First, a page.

About an hour up the coast from Salinas sits the small beach town of Montañita. While Salinas is more of a local vacation spot, Montañita is the opposite. Many ex-pats have established small hotels and restaurants that cater to the constant stream of foreign tourists that pass through on an annual basis. Even though I hate “tourist traps”, I love hanging out on the beach so I definitely couldn’t pass up the opportunity to explore Montañita.
Arrival to Montañita- I checked out of my hotel in Salinas at about 1030 Monday morning. Fortunately, I was staying on the main road and there was a bus passing as I was walking out of the hotel which could take me to the regional bus terminal in Santa Elena for 30 cents. I ended up choosing the wrong bus as it was not a direct bus to the terminal with the trip taking about an hour (as opposed to 25 minutes when I arrived). However, I arrived at the bus terminal just as a bus was leaving to Montañita. The ticket cost $1.75 USD. The bus almost left me as I stopped to buy an empanada but I was able to chase it down. While more crowded then other buses I have ridden on, I was still able to sit comfortably with my travel bag. The trip to Montañita took about an hour and 20 minutes with most of the ride going down the Ecuadorian coast. There was no official bus terminal in Montañita as the bus stopped on the side of the road at the town’s main entrance. From the bus stop, it was a short walk to my pre-booked accommodation. While billed as a hotel, it was really a room rented out by an American expat. I also ran into a similar issue that I ran into in Salinas where the place couldn’t take credit card for payment. However, it was such a good deal, that I ended up staying and paying cash. Specifically, the room was had an ocean view with a private balcony and was only $78 USD for the whole week. I doubt I could have found a better rate anywhere else.
Montañita Town- Despite its widespread popularity, Montañita isn’t really that big. The entire town is spread out over 10 city blocks give or take. However, it is very congested and gritty reminding me of Playa El Tunco en El Salvador. There is a nice soccer field in the middle of the town where I assume the local team holds Sunday evening matches. While there was no big supermarket, there were plenty of small tiendas that provided everything one would need for a comfortable stay. However, as with many tourist areas, the prices for commodities were pretty inflated. It was the first time in over 4 months of traveling in the region that I paid over $1 USD for a liter of water. There were plenty of restaurants to choose whether it was local seafood places or high-end foreign cuisine. Most places only took cash and those that take credit card, add 10-20% on the price. Another surprising thing was some of the expat shop owners didn’t even speak Spanish which I would have thought you at least needed a basic understanding of to start a business in Ecuador. There was a nice boardwalk that bordered the beach. While the weather wasn’t exactly the greatest, the beach seemed to be pretty desolate which was emphasized due to how large it was. In fact, it was similar to Playa Venao in Panama in that the tide dictates how far you need to walk in order to reach the water’s edge (making it seem even bigger during certain times of the day). Right next to the main tourist boulevard, there were beach chairs and umbrellas set up for one to relax. While Ecuador doesn’t exactly have a “club culture”, there are also several bars in Montañita that are open until 12 AM and play several popular English language songs.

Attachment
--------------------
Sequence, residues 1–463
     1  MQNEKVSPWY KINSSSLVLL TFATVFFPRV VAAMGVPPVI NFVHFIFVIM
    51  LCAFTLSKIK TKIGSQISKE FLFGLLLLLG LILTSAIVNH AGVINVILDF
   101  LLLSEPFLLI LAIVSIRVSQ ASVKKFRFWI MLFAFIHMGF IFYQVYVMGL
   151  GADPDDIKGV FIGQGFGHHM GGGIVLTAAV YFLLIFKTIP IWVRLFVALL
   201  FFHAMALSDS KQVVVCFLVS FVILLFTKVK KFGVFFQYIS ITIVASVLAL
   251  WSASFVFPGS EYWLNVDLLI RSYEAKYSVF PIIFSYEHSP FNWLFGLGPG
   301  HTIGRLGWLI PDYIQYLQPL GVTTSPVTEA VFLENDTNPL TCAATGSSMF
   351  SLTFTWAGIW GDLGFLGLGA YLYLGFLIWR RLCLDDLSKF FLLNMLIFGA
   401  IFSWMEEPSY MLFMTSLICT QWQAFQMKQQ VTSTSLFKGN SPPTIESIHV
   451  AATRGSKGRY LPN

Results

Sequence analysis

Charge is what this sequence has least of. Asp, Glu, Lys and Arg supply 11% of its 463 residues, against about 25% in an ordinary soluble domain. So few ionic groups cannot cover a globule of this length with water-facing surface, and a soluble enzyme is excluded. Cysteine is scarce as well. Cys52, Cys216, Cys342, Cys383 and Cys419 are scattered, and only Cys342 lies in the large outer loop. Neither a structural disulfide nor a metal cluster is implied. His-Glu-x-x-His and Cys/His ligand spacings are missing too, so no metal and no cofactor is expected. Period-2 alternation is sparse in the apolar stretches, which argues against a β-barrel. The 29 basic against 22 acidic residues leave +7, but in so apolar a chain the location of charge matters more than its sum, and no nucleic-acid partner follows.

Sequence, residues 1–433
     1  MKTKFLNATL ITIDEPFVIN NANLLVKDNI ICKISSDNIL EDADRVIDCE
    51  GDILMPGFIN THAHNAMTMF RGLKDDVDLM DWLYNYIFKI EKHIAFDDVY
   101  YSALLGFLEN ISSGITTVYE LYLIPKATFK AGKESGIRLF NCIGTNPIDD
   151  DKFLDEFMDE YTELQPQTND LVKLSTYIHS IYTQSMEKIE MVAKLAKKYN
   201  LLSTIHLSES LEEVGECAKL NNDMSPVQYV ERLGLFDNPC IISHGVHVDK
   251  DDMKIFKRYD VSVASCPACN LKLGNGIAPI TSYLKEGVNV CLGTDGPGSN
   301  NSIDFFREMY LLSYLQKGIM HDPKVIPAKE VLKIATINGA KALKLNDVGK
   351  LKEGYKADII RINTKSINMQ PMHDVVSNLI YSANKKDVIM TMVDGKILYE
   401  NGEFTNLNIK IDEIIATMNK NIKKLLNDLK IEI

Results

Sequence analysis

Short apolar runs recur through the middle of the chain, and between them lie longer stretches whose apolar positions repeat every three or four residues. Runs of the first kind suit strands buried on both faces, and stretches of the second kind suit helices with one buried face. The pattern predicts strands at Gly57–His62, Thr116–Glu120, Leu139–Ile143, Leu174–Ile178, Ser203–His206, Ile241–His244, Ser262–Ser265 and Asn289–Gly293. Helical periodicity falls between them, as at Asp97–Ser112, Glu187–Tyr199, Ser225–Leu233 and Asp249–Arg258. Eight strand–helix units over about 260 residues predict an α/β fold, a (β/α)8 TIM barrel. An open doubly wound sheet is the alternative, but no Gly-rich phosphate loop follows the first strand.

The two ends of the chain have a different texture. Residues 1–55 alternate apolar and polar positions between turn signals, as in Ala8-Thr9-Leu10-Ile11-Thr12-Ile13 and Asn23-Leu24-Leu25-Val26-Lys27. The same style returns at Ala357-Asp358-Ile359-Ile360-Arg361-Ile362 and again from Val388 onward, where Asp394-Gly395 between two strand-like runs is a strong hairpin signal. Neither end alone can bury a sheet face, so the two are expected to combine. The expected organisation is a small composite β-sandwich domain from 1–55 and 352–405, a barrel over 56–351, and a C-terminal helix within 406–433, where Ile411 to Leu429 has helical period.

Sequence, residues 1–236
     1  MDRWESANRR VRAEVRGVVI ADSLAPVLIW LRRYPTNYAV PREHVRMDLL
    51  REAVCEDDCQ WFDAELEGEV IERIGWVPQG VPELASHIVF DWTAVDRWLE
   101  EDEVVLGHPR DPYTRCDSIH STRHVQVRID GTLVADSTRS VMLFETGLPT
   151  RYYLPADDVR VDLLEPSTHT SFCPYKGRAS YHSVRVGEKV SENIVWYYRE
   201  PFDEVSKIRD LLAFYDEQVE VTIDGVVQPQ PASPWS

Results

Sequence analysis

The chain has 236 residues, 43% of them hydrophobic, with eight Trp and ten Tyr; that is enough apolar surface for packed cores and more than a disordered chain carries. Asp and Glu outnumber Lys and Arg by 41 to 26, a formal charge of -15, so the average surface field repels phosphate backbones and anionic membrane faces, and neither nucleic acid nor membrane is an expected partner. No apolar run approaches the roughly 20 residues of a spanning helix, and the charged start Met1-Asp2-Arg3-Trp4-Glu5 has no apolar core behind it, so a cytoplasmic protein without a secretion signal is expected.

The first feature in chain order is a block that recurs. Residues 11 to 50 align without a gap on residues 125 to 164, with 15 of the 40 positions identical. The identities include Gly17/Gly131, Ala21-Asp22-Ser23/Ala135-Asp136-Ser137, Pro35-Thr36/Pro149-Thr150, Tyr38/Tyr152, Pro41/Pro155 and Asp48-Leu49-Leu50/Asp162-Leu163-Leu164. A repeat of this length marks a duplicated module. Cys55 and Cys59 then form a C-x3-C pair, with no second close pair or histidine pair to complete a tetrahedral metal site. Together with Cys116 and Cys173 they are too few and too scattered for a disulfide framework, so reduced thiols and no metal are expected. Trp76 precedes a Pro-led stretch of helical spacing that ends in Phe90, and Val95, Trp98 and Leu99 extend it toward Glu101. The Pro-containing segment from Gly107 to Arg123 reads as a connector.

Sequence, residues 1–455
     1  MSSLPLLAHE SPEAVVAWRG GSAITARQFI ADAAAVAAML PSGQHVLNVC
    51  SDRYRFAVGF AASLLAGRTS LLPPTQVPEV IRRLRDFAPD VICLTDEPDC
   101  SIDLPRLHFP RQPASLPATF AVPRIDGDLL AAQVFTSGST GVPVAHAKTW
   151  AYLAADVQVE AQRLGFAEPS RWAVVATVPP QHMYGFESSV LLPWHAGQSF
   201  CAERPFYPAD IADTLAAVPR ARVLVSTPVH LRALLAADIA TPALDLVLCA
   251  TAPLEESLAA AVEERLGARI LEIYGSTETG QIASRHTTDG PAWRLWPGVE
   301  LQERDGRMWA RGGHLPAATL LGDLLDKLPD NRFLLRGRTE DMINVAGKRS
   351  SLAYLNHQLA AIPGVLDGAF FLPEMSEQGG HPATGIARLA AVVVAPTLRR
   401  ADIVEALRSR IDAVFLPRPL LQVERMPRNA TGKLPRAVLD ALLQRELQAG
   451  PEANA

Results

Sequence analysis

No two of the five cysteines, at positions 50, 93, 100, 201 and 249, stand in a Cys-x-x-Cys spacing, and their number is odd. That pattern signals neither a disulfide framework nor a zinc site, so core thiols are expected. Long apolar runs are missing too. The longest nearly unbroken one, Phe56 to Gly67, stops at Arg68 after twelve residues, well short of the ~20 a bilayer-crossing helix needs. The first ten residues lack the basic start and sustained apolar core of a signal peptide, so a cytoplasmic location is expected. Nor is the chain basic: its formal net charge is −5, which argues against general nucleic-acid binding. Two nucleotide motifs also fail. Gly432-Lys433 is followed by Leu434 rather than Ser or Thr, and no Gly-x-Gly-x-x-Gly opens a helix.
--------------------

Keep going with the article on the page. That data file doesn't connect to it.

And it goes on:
As I near the end of my time in Ecuador, I have decided to explore the areas along the country’s southwestern coastal region. My first stop was Salinas, a small beach town about 2.5 hours west of Guayaquil. It is a small beach town along South America’s most western tip which caters mostly to local Ecuadorians. Salinas reminded me of a poor-man’s Miami Beach (no pun intended). However, I am glad to finally be able to relax on a beach again after nearly 2 months of traveling inland.
Arrival to Salinas- After leaving Cuenca due to outrageous hotel prices, I technically stayed in Guayaquil for the weekend but made it a point not to explore the city. I decided to first explore the coast and come back a stay a proper week in Ecuador’s largest city. From the Guayaquil bus terminal, I took a 2 hour bus to the town of Santa Elena ($4.40 USD). The bus was comfortable despite being packed and the ride was smooth. After arriving in Santa Elena, I had to take one of the many local buses for .30 cents to Salinas which was about 25 minutes away pass the town of Libertad. I actually lucked out because I happened to check Google Maps right as the bus was passing my stop as there wasn’t a municipal bus terminal (my phone was also at 2% battery). I got off the bus and arrived at the hotel that I booked via Booking.com. Unfortunately, despite annotating that they accepted credit card for payment on the website, they did not accept credit card. That actually made me angry because it amounted to deception in order to get people to book non-refundable rooms. I ended up telling the owner that I would book another reservation for fewer nights but I wasn’t going to pay for 7 nights in cash. After I he cancelled my original reservation, I took a look at the other available room which turned out to be a dump. I ended up just leaving them high and dry. Fortunately, I only had to walk about 2 blocks before finding a nicer hotel which cost a little bit more but did accept credit card.